“And you feel quite happy about kicking these people through the door to oblivion?” Amy asked.
“It's necessary, dear” said Magdalene firmly, “and as I told you before, their souls aren't destroyed, merely displaced.”
“What about their families?” Amy pressed. “How do they feel about all this?”
Magdalene smiled. “The creature has a way of helping them come to terms with it. It’s highly telepathic, you know. The situation is explained to them and they accept that what has happened is for a greater good. When they wish to be near the one they have lost, they simply visit the gallery.”
“And I suppose the creature uses its telepathic abilities to stop people finding out about this place,” Amy said, continuing to play along with the fantasy.
The old woman nodded.
“So how come I’m here?” Amy asked.
Magdalene eyed her like a bird of prey watching the hopeless escape attempt of an intended meal. “Because I invited you here, my dear.”
Amy's throat tightened. “Why?”
“The energy in Seven Springs has dried up,” Magdalene told her. “By which I mean the creature has taken all the viable souls that are available here, so we have been forced to look elsewhere. I wrote to your editor, because I knew if I gave him enough information, he would send someone to investigate, but without involving the authorities. Those who know you are here are relatively few and can easily be manipulated into keeping the knowledge to themselves. You have been brought here for a higher purpose and you will be pleased to hear you have passed the test. Your soul is suitable for our needs.”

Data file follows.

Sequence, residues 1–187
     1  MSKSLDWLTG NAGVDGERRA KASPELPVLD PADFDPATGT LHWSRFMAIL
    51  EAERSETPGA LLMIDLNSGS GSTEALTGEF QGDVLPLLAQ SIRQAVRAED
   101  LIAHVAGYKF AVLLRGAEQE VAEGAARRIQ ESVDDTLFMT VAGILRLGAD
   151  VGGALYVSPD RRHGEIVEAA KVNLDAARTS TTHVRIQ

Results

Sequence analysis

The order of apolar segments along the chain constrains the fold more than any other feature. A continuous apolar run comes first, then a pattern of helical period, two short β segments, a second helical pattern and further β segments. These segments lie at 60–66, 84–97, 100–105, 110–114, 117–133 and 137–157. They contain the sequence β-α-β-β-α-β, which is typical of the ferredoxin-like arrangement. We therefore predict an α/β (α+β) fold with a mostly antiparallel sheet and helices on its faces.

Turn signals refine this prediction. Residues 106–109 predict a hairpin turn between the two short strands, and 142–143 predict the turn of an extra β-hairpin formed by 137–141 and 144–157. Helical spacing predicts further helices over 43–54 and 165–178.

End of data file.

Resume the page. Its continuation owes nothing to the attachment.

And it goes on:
Amy waved her hand dismissively. “This is the biggest load of garbage I have ever heard! You wanna know what I think’s been going on?”
“Of course, dear,” said Magdalene.
Amy edged towards the door. “I think you’re some kind of schizo, who hears voices telling her to kill people. Perhaps you’ve managed to keep it hidden in the past, but not for much longer! I’m going straight back to my room to call the police, the FBI and anyone else I can think of. By this afternoon there’ll be so many officials crawling around here you won’t know what the hell happened. Whatever the secret of Seven Springs really is, they’ll find out.” She ran the last few steps to the door and reached for the handle. Only then did she remember that it was locked.